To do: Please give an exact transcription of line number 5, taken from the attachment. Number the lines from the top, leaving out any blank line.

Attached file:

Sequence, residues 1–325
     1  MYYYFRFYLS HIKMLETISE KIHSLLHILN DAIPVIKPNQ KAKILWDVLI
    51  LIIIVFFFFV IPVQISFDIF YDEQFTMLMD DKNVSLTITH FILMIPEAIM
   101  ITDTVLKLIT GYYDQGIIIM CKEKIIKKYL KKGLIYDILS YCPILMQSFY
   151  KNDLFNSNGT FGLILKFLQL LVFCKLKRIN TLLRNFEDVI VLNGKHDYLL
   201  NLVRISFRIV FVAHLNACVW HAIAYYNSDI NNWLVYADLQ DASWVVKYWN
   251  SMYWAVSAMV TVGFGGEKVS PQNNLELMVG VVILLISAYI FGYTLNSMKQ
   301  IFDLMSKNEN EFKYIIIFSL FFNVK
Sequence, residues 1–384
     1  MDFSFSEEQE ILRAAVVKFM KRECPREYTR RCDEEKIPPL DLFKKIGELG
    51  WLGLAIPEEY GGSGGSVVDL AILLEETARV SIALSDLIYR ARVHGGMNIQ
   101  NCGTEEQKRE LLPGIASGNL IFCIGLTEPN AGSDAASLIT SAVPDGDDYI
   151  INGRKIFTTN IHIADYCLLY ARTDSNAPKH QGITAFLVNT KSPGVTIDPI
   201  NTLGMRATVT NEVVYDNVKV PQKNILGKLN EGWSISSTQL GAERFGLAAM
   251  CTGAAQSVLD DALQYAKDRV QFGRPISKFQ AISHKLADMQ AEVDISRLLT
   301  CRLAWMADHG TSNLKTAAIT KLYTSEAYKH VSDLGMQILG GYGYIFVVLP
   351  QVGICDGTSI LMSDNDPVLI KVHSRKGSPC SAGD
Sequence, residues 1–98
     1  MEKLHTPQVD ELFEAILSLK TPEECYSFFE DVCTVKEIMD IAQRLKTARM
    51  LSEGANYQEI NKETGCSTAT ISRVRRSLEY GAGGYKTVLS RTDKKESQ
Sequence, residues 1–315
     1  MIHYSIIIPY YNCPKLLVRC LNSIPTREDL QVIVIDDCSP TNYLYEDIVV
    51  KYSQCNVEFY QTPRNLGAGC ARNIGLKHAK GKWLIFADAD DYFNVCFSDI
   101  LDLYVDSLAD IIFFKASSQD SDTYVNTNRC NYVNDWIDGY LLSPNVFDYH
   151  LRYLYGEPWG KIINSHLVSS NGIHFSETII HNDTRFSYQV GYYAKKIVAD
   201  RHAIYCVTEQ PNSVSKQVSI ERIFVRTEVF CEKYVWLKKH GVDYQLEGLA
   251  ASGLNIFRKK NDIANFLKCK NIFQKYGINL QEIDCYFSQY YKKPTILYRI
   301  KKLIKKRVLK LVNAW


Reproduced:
   151  KNDLFNSNGT FGLILKFLQL LVFCKLKRIN TLLRNFEDVI VLNGKHDYLL